Going Electric

Lightning Joe's Rickenbacker Frying Pan Guitar

Lightning Joe's Rickenbacker Frying Pan Guitar

In this new series from The Rock n Roll Archaeology Project, host Christian Swain goes behind the scenes, on the road and further explores subjects surrounding the culture, technology and music that make Rock n Roll the magic that it is!

Today we explore that most iconic of rock instruments, the electric guitar. To find the proper company and setting, we travel down to Guitar Showcase in San Jose, California to meet up with Gypsy Jack -- and gain access to the shop’s collection of impressive vintage guitars. Jack shares some general, as well as personal history.

Then we travel back in time, as far as the 1930s, to trace the beginnings of the electric guitar as a necessity, a technology, and a phenomenon. We meet a guy named Les Paul from Wisconsin and Leo Fender from Southern California, and cover the founding of their quintessential guitar brands.

And, of course, along the way, we run into rock musicians and songs from different eras and genres, all united by their passion and prowess when it comes to their axes.

Thanks for tuning in and we hope you enjoy! Many thanks to Guitar Showcase in San Jose, CA.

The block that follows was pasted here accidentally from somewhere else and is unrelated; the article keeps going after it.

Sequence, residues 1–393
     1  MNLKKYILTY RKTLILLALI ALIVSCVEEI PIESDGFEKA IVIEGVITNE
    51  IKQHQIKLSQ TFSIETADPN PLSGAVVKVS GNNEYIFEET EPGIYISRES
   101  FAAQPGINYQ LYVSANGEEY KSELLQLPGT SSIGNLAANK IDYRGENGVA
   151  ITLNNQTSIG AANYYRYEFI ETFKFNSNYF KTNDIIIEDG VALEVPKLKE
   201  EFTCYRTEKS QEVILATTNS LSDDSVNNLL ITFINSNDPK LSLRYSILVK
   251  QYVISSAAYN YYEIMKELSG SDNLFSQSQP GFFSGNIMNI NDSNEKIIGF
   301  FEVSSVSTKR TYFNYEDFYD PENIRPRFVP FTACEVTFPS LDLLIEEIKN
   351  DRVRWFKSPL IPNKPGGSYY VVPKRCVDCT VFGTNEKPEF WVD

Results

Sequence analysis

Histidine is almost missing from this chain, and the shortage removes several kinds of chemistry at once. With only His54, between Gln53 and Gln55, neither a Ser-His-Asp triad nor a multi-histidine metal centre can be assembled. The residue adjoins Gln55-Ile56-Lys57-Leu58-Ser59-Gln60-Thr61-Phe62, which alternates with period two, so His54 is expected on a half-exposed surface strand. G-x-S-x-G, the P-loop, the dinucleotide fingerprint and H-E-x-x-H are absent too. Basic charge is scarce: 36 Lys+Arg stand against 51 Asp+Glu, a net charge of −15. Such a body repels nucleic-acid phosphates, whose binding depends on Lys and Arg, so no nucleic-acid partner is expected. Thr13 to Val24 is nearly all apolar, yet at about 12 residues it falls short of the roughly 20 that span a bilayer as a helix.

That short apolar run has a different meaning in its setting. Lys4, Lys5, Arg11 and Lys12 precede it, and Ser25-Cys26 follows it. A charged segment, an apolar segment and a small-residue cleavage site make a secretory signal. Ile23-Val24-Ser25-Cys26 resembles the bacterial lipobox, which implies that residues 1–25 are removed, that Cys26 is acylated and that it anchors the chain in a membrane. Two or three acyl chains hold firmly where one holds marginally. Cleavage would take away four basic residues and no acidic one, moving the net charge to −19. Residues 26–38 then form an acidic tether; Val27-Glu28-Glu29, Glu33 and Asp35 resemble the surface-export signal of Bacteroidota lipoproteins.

Here is a list of the great songs referenced in this show:

Sol Hoopii’s Novelty Trio: “Ka Mele Oku'u Puuwai” from The Descendants, 2011 Walt Disney Records

Les Paul & Quincy Jones and His Orchestra: “Blue Skies” (Written by Irving Berlin), from The Complete Decca Trios-Plus, 1936-47 Decca Records

Led Zeppelin: “Whole Lotta Love” (Written by Bonham, Page, Plant, Jones & Dixon), from Led Zeppelin II, 1969 Atlantic Records

Red Hot Chili Peppers: “Higher Ground” (Written by Stevie Wonder), from Mother’s Milk, 1989 EMI America

Bruce Springsteen: “Born to Run”, from Born to Run, 1975 Columbia

Ritchie Valens: “La Bamba” (Traditional), Single, 1958 Del-Fi

Jimi Hendrix: “Star Spangled Banner” (Written by Francis Scott Key, John Stafford Smith), from Live at Woodstock, 1999 MCA

Derek and the Dominos: “Layla”, from Layla and Other Assorted Love Songs, 1971 Atco (US)

Listen and enjoy!